Tuesday 11 February 2014

Weekend trip to Timmins - Day 1

To read Part 2, click here.

A few weeks ago, friend and fellow birder Tyler Hoar invited David Szmyr and I on a trip to the boreal forest of Ontario to look for northern birds and to do some snowshoeing. He did not need to ask me twice as I really love the north. Sure the north is cold this time of year and birds are few and far between, but who can turn down an opportunity to snow-shoe in the boreal forest, away from cars, pollution, and people?

Our plan was to spend all day Saturday birding our way up to Timmins, including stops in North Bay, Temagami, Temiskaming Shores, and anywhere else that looked decent.

My alarm went off at 2:30 AM and I actually did not even feel tired. Perhaps my body thought it was just a nap since I had fallen asleep only a couple of hours previously. At any rate, my gear was packed and Tyler soon showed up at my front door. After a quick rendez-vous to scoop Dave from his place in Barrie we were on our way to the North Bay area.

Our first target of the day was a Northern Hawk Owl which had been staking out a farm where it presumably had been feeding on a steady supply of rodents attracted to the barn. Dave had never seen one before, and any moment with a Northern Hawk Owl is an awesome experience. We drove up and down the road without seeing it (though a couple of Ruffed Grouse were on the road and in the surrounding woodland), but on our second pass through the area a Common Raven was spotted dive-bombing something. The obvious shape of the owl stood out with the naked eye at quite a distance even in the dim pre-dawn light. Success!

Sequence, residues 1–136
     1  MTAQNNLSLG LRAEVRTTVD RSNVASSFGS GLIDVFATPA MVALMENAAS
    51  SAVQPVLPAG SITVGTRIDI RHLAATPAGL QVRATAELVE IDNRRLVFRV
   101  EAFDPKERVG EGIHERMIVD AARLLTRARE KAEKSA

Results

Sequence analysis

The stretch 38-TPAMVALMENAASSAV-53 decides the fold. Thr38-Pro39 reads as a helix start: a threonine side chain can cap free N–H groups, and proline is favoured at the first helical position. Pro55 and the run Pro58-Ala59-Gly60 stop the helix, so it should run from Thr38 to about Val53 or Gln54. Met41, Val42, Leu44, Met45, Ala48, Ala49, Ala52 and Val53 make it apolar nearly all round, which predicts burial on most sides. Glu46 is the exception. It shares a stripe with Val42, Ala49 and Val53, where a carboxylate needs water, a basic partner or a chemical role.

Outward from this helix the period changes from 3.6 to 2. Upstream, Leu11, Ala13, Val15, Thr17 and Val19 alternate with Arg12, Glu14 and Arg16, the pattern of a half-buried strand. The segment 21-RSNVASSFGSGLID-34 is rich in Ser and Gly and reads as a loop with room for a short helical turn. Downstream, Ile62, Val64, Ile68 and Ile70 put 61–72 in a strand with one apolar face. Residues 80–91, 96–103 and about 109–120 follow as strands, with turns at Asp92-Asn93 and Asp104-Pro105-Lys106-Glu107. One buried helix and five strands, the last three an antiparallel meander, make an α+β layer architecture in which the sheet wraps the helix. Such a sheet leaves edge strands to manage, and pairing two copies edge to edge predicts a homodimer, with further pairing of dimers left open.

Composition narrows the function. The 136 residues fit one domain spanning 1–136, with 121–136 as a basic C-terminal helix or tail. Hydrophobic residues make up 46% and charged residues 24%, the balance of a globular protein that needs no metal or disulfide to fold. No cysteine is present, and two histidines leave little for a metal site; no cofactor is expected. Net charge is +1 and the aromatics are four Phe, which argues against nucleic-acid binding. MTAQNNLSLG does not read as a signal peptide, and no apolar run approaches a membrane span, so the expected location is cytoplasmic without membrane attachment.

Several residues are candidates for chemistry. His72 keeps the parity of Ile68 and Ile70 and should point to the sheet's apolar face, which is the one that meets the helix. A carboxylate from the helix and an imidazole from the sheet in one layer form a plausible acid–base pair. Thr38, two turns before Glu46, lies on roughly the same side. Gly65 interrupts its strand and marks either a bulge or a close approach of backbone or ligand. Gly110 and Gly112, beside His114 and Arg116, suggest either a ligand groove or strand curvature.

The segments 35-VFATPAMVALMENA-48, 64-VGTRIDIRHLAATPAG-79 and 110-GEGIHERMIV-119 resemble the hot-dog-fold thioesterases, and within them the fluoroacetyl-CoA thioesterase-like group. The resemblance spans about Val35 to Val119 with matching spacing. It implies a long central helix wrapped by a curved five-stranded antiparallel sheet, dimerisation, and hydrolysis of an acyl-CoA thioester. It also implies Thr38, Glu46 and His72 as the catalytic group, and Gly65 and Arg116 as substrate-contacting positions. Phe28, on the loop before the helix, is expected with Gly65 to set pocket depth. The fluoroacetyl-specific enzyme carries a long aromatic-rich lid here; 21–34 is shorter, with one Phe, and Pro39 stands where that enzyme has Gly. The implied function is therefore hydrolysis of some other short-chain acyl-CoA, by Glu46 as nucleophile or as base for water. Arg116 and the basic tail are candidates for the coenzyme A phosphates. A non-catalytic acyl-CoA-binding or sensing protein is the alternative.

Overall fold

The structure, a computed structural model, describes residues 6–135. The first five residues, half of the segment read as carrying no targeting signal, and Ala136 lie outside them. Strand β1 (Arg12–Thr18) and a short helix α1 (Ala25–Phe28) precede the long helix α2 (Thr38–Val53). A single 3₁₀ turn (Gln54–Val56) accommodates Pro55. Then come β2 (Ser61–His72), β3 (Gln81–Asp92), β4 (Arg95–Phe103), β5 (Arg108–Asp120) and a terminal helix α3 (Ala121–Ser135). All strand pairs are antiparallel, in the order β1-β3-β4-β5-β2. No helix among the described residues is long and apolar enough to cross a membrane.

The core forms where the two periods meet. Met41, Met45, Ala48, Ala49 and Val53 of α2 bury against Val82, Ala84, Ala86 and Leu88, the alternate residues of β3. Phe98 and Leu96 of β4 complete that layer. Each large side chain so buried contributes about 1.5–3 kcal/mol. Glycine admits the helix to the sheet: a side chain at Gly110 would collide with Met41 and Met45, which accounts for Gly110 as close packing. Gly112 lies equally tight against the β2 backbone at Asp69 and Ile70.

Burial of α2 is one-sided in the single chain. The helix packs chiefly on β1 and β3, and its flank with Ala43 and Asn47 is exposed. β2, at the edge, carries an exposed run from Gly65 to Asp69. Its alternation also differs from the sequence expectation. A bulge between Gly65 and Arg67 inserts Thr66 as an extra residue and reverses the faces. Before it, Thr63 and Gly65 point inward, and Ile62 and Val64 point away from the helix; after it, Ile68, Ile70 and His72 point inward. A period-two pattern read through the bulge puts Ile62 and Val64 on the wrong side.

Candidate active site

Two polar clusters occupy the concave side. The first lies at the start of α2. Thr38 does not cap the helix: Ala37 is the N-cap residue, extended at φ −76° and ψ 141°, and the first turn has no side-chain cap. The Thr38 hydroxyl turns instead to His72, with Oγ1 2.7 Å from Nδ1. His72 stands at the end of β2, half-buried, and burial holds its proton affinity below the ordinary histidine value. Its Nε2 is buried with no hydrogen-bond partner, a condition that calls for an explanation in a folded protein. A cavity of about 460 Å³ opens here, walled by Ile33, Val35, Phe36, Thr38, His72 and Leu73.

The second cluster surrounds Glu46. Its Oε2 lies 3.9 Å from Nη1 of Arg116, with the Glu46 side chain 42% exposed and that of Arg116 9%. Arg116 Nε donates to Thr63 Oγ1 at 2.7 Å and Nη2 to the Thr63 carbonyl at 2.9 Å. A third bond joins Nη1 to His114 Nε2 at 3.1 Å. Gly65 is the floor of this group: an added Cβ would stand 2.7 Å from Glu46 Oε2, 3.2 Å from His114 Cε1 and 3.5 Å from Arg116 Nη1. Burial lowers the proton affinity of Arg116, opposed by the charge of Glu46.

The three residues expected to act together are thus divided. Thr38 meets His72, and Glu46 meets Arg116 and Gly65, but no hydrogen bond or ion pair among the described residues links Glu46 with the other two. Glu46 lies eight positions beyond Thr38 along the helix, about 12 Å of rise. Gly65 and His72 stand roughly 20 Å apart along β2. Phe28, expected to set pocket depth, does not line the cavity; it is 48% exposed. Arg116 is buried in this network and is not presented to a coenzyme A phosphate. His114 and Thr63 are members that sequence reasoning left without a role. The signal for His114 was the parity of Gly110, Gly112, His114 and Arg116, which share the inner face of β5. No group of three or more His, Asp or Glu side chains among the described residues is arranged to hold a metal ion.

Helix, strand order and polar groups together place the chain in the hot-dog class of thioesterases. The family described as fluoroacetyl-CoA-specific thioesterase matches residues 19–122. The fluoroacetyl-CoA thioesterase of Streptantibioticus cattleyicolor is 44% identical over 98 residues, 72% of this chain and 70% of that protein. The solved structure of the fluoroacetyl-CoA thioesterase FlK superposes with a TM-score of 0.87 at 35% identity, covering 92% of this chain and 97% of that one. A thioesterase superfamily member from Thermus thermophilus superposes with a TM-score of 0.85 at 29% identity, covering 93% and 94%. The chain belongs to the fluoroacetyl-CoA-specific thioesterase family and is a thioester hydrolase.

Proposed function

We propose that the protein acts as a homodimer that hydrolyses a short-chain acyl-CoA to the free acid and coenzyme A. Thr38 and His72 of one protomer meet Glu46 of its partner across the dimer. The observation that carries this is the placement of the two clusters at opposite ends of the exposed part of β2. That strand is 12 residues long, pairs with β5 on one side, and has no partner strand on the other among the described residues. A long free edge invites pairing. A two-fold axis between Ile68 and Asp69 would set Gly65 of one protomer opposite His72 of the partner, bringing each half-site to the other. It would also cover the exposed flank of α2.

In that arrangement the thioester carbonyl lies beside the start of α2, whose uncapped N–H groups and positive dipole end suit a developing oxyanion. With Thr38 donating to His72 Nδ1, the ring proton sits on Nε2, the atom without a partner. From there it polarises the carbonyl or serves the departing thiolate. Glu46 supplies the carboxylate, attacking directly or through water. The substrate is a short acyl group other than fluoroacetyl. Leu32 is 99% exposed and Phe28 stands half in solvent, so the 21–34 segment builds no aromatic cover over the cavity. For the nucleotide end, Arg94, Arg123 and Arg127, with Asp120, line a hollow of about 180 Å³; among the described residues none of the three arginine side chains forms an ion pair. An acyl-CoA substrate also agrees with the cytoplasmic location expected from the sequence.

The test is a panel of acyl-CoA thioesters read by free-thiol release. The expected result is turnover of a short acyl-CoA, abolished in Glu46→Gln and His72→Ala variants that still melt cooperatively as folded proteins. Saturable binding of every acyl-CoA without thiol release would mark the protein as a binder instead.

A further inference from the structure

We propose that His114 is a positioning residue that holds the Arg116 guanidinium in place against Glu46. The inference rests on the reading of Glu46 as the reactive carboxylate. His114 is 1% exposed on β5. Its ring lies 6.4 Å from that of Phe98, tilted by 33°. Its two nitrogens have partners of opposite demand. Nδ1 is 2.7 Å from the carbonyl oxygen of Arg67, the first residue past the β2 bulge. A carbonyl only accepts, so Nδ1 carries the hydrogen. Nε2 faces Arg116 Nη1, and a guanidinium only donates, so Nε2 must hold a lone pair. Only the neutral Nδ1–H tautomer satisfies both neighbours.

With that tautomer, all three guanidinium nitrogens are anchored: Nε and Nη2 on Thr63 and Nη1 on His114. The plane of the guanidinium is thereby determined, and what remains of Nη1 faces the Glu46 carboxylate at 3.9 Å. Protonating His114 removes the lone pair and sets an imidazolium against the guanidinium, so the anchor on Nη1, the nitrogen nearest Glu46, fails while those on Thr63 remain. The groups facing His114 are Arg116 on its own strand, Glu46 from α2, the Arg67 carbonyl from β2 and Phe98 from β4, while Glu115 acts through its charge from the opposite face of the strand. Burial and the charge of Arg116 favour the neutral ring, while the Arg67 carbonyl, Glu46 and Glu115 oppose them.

Northern Hawk Owl - North Bay, ON

Northern Hawk Owls always seem to pick the most conspicuous perch at the very top of a tree, from which they can survey the fields below. It looked at us on occasion but its gaze (or rather its hearing) was, more often than not, focused on some unseen rodents below.

Northern Hawk Owl - North Bay, ON

Northern Hawk Owls are a personal favorite of mine; a species that is always high on the target lists of visiting birders to Ontario. While seldom seen south of the boreal forest, at least a couple are observed every winter in the North Bay to Peterborough to Ottawa areas. I do not think that I could ever tire of this awesome species! One of my personal birding goals is to find a Northern Hawk Owl on territory, maybe with a nest and young, in the boreal forest during the summer.

Northern Hawk Owl - North Bay, ON

Spurred on with our success, we checked a few bird feeders in the vicinity (seeing our first two finch species of the day - Purple Finch and American Goldfinch) before continuing our drive north.

Arriving in Temagami we took a short detour off the highway to check some areas containing both Eastern White and Red Pines. This area is a stronghold for Red Crossbills in Ontario. While driving through the town a pair of Gray Jays casually flopped on by to the backyard of a house - another lifer for Dave! We were giving him a lot of grief throughout the trip over the fact that he had been to Algonquin several times, had even added Boreal Chickadee to his life list, but had never seen a Gray Jay!

Temagami was a bit of a goldmine and in short order we added Pine Siskin to our finch list. Lifer #3 on the day for Dave was a gorgeous male Red Crossbill that I watched fly in and perch, fully sunlit, on the tip of a branch.